Referring now to FIGS. 9-17, an improved electrode 100′ according to the present invention is shown. The electrode 100′ includes a silicone body 102′ having a concave surface 103′. An electrode with an exposed contact 104′ is exposed on the concave surface 103′. A flexible extension 106′ extends longitudinally away from the concave surface 103′. The exposed electrical contact 104′ is connected to a lead 108′ which terminates at a connector 111′ as is conventional. Lugs 109′ on the lead 108′ facilitate atraumatic grasping of the lead 108′.
The construction of the electrode 100′ is best understood with reference to FIGS. 13-17. As best shown in FIG. 17, the body 102′ is a concave silicone mold. Centrally positioned on the concave surface 103′ is a concave conductor 104′ which is imbedded within the silicone material of the body 102′ but is exposed on the concave surface 103′.
An upper end 104 a′ of the electrical contact 104′ (shown only in FIG. 17) extends above an upper surface 103 a′ of the concave surface 103′. An opposite upper end 103 b′ of the concave surface has the flexible extension 106′ extending therefrom. A flexible extension 106′ may be simultaneously molded with the body 102′ or may be a separate highly flexible silicone material adhered to the upper end 103 b′.
The lead 108′ is a highly flexible lead which includes a highly flexible coil of conductive material 113′ as is conventional in prior art electrode leads. The coil 113′ has an outer surface coated with silicone coating 119′.
The upper end 104 a′ of the contact 104′ is electrically connected and bonded to the coil 113′ through any suitable means such as welding or the like. A strain relief 110′ formed of molded silicone surrounds a lower end of the coil 113′ and further surrounds the upper end 104 a′ of the electrical contact 104′.
A lower back end 110 a′ of the strain relief 110′ is spaced from the upper end 103 a′ of the body 102′. The spacing defines a gap 115′.
During manufacture, the angle of the lead 113′ to the extension 106′ may be set by bending the contact at the upper end 104 a′ causing an enlargement of the gap 115′ to that shown in FIG. 17. For example, the angle between the extension 106′ and the lead 108′ may be set at about 45°. After setting the angle to any desired angle, the gap 115′ may be filled with a medical grade adhesive 117′ or the like to present an atraumatic surface as well as hold the relative alignment of the extension 106′ to the lead 108′.
Where the lead is at 90° to the extension 106′ (for example, as shown in FIG. 15), a nerve resting within the concave surface 103′ is at risk of moving upwardly or outwardly from the concave surface 103′. Placing the angle at less than 90° presents a barrier above a nerve to prevent or restrict movement of the nerve out of the concave surface without pinching the nerve in a manner to interrupt its blood supply or otherwise causing trauma to the nerve. Following implantation, fibrous tissue or the like may develop around the nerve decreasing possibility of movement of the nerve relative to the electrode body 102′. The present invention can also be practiced with components 110′ and 102′ being a single-molded part with the angle being fixed and sized for a particular nerve diameter.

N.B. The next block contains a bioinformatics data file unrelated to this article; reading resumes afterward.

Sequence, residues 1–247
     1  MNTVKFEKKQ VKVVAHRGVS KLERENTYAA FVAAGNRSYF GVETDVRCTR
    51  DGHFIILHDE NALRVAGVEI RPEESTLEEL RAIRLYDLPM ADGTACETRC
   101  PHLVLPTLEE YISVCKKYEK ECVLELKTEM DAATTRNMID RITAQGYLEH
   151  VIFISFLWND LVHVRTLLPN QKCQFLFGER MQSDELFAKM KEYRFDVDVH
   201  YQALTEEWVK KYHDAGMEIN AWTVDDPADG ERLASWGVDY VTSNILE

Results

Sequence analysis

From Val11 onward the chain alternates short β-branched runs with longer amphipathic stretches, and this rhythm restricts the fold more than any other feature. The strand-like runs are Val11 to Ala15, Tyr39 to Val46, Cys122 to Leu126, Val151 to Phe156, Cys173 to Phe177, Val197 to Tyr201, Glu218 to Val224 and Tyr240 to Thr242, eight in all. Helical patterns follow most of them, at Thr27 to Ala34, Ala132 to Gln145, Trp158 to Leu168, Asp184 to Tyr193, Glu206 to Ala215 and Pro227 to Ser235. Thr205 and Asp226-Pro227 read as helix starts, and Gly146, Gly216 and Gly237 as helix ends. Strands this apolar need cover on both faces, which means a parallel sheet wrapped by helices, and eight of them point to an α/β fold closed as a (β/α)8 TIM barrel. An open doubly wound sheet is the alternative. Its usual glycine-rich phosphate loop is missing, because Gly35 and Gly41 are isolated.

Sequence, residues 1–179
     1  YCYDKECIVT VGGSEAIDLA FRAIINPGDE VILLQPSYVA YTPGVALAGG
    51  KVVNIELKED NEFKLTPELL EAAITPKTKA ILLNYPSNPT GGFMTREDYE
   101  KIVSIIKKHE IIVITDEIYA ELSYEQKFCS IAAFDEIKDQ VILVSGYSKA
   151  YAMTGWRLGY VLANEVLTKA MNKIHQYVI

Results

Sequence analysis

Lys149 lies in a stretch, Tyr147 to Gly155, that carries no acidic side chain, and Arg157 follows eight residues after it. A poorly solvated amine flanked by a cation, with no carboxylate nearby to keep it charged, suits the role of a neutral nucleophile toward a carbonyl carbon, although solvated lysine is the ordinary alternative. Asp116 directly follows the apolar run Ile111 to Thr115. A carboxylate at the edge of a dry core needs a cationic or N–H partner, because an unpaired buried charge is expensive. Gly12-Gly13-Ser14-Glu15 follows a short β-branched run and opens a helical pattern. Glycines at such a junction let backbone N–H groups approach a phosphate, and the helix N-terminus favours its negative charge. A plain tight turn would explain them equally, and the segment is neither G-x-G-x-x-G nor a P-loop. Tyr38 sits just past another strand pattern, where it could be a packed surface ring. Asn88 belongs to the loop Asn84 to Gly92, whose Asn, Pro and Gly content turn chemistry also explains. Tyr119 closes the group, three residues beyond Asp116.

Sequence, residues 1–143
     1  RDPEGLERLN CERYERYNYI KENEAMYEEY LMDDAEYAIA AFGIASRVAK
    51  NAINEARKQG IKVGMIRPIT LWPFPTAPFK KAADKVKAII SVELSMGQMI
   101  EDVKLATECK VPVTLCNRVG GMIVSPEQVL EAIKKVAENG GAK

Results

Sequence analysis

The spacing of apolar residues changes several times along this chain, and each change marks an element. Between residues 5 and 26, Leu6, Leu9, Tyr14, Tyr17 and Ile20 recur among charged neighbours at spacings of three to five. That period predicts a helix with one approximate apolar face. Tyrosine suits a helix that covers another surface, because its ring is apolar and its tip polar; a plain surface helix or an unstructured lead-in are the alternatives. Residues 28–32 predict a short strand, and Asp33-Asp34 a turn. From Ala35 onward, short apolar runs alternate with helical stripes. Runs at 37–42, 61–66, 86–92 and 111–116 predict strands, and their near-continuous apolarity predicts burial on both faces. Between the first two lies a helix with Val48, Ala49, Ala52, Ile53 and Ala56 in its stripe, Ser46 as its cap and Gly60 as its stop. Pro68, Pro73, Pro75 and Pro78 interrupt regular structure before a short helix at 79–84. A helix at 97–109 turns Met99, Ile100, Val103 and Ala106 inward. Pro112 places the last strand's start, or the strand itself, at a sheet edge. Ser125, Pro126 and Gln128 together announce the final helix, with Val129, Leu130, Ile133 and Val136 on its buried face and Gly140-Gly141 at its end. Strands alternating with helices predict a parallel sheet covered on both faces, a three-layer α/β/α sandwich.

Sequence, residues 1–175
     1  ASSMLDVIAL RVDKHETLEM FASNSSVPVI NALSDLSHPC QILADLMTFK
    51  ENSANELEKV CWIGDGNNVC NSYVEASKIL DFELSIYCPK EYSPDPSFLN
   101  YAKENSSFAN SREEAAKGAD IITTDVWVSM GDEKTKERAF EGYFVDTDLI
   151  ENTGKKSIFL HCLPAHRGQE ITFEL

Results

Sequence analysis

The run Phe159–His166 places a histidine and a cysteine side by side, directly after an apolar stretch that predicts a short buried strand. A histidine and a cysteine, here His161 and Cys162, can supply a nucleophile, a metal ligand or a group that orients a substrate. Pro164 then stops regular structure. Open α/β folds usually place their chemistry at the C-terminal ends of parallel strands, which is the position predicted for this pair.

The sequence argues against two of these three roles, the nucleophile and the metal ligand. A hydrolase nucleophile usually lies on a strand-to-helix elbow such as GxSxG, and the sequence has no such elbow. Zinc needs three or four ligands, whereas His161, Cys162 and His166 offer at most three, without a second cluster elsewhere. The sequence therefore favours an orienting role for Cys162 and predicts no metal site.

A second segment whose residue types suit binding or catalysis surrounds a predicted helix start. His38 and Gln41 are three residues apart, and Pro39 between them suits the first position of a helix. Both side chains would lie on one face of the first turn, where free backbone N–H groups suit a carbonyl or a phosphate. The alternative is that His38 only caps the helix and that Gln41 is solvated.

With the axis of the lead 108′ extending 90° or less relative to the extension 106′, the electrode 100′ has advantages overcoming the problems previously described with reference to the prior art electrode. These advantages are illustrated in FIG. 8 in which the refined geometry of the electrode 100′ results in the lead 108′ having a rest state aligned with the access hole A so that the lead is not substantially bent and the body 102′ of the electrode is not urged against fascia F which would otherwise cause displacement on the electrode and displacement of the nerve relative to the esophagus.
In a preferred embodiment, the electrode 100′ is sized to receive the vagus nerve (anterior or posterior) of an adult human in the region of the diaphragm. While the diameters of such nerves may vary, the electrode 100′ preferably can accommodate nerves of diameters ranging from 1 mm to 5 mm. For such nerves, the radius R (FIG. 17) of curvature of the concave electrode 104′ is about 3.2 mm and the depth D of about 1.75 mm. The depth is measured as the length of a line normal to the plane C of the upper curved ends of the electrode 104′ to the electrode as illustrated in FIG. 17.
With the foregoing detailed description of the present invention, it has been shown how the objects of the invention have been attained in a preferred manner. Modifications and equivalents of disclosed concepts such as those which might readily occur to one skilled in the art, are intended to be included in the scope of the claims which are appended hereto.
| Patente citada|| Fecha de presentación|| Fecha de publicación|| Solicitante|| Título|
|US3128760||21 Ago 1961||14 Abr 1964||Winston Electronics Ltd||Vagotomy test apparatus|
|US3411507||1 Abr 1964||19 Nov 1968||Medtronic Inc||Method of gastrointestinal stimulation with electrical pulses|
|US4114625||2 Dic 1976||19 Sep 1978||Onat Mustafa V||Anti-vomiting, anti-aspirating oral-nasal gastric tube|
|US4198963||19 Oct 1978||22 Abr 1980||Michigan Instruments, Inc.||Cardiopulmonary resuscitator, defibrillator and monitor|
|US4541432||17 Dic 1982||17 Sep 1985||Neurotronic Ltee||Electric nerve stimulator device|
|US4702254||30 Dic 1985||27 Oct 1987||Jacob Zabara||Neurocybernetic prosthesis|